A strong labor market may be softening, confirming consumer hesitancy in returning to previous spending patterns.
Department of Labor figures released Thursday (June 8) noted increased initial unemployment claims, marking a sharp U-turn from the tightening labor numbers in recent months. The 28,000 rise from the previous week brings the current total of claims to 261,000 — the highest mark since October 2021. These new numbers, combined with reports of slowing wage growth and mass layoffs in retail, tech and crypto, seems to put on hold much cause for celebration of a return to a pre-inflation economic normal anytime soon.
It seems, however, as if consumers were expecting this shift all along. As noted in proprietary research carried out in preparation for PYMNTS’ June “Consumer Inflation Sentiment” report, concerns about current and near-future economic conditions are creeping back up.
From the January low of 28%, the share of consumers extremely concerned about current and near-future economic conditions has steadily increased, reaching 32% in May. These feelings are intensifying, too, as the share of consumers very concerned has also increased during the same time period, meaning that the share of consumers only somewhat concerned about the economy is dropping.
This sentiment shifting further toward concern could be at least partially driven by wage growth slowdown, even as prices keep creeping up. Proprietary research for the same report measures consumers’ change in income compared to costs — and the numbers aren’t pretty.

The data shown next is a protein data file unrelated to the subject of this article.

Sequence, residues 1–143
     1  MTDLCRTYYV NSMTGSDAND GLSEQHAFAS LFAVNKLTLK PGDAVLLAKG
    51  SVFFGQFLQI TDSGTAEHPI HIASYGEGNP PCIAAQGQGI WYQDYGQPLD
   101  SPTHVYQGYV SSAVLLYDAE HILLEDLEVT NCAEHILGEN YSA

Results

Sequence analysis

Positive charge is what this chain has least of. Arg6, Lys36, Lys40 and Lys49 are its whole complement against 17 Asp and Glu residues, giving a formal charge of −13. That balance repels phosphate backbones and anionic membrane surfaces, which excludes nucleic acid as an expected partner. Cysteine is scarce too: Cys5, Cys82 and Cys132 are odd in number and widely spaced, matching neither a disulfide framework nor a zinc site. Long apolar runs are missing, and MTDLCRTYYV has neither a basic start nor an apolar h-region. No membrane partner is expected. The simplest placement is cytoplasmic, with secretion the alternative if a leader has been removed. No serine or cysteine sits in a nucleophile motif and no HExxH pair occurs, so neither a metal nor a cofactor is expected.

Here, too, from January, the share of consumers reporting their wages either flatlined or decreased relative to price increases is on the rise again, with a more than 1 percentage point drop each in consumers saying their wages either partially or fully offset inflation. Given these headwinds, it may not be a surprise that consumers have been continuing to keep their spending habits conservative.
This gloomy sentiment has been a long-running theme in looking at previous PYMNTS data focused on consumer and Main Street sentiment. Warnings that neither group felt like the economic landscape would be secure in the near future have been coming for some time, with PYMNTS finding 59% of surveyed Main Street small to- medium-sized businesses expecting a recession to hit during 2023. Banking on resilient customer trade to stay afloat as small businesses struggle to find credit lines, some are seeing the consumer spending slowdown as a sign of things to come. With much of the country’s GDP dependent on spending, the resulting possible recession may spiral down as consumers continue to budget primarily for the essentials.
With its previous robust numbers reversing, jobs data may be somewhat misguiding in reading the tea leaves of the country’s true economic health. As the Federal Reserve considers another rate hike next week, consumer sentiment could more reliably portend the future — one that may well signal a rocky economic time ahead.